THE PROTESTANT REFORMATION IN THE ENGLISH PROVINCE (3)
There Coverdale accepted Lutheranism and left the Augustinian Order. Under Thomas Cromwell's protection, he returned to England in 1539, and became a spy on Papists (Roman Catholics) for Cromwell. When his fellow ex-Augustinian, Robert Barnes, was burnt at the stake on 30th July 1540, Coverdale went back to Europe, taking his Scots wife with him.
He led a studious life in Flanders and Germany. He dedicated his time to translating the Bible into English; in 1535 his was the first complete English Bible. Printed in Zurich, it was reprinted in 1537 and 1538. Coverdale's translation of the Psalms is still used in the Book of Common Prayer.
Coverdale's translation of the Bible into English was in some ways a more audacious step that of Martin Luther a year earlier in translating it into High German, because Coverdale was the one who was breaking newer ground in his own native tongue. Contrary to popular belief, there were numerous German-language bibles before Luther's translation.
Indeed, there is ample evidence for the general use of the entire vernacular German Bible in the fifteenth century. For example, in 1466, before Martin Luther was even born, the Mentel Bible, a High German vernacular Bible was printed at Strassburg. This edition was based on a no-longer-existing fourteenth-century manuscript translation of the Vulgate from the area of Nuremberg. Before 1518 and the Protestant Reformation, it had been reprinted at least thirteen times.
Under the patronage of Thomas Cromwell Coverdale helped to prepare the Great Bible that was to be set up in every church of the realm. It appeared in 1538 and was reprinted in 1550, 1553 and 1560. In 1540 Coverdale earned his Doctor of Divinity at Tubingen.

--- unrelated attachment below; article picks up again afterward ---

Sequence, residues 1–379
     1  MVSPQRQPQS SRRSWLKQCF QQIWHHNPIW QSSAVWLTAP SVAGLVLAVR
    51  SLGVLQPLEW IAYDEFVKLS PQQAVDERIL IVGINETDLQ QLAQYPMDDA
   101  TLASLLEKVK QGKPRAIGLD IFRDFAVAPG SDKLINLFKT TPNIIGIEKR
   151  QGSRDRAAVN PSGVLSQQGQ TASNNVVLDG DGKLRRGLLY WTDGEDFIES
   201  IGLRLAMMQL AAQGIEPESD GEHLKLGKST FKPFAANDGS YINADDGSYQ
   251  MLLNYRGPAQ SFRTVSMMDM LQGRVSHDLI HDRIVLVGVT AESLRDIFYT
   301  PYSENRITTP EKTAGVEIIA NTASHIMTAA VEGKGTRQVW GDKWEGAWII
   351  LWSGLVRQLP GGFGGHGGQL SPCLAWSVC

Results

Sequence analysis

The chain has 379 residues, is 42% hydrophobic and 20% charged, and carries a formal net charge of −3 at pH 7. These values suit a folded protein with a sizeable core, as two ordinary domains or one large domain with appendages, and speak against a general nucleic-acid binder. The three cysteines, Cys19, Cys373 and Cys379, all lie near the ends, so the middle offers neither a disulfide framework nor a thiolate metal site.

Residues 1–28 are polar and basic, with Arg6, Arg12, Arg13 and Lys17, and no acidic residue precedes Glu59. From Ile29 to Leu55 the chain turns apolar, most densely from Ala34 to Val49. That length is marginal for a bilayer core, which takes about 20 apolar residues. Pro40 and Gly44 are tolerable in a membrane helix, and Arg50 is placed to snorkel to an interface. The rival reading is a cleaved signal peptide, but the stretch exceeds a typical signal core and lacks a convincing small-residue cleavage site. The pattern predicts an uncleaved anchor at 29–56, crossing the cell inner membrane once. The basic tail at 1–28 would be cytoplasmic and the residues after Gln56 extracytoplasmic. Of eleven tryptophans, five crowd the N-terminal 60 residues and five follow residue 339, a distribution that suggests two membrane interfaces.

In 1548 he returned to England, invited by Catherine Par, the sixth and final wife of King Henry VIII, and became chaplain to the king. He was appointed Bishop of Exeter in 1551. This ex-Augustinian was one of the best-known Reformers during the reign of Queen Elizabeth I.
When the Catholic Queen Mary Tudor deposed him, she temporarily imprisoned him. Coverdale however succeeded in escaping to Germany, accompanied by the spouse of his second marriage.
In the reign of Queen Elizabeth I, he came back to England, but was not re-instated as a bishop. Coverdale died in retirement at London on 20th January 1569 at about the age of eighty-one years.
By his translation of the Bible into English, he can perhaps claim to have exercised a greater influence on the religious thought of more than any other person who had become an Augustinian.
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Picture 1: The former Augustinian library building at Erfurt, Germany. It was used by the Augustinians until 1561, over forty years after the start of the Reformation.
Picture 2: The former Augustinerkloster and library at Erfurt.
Picture 3: A variety that is called an Augustinian rose, growing in the former monastery garden at Erfurt.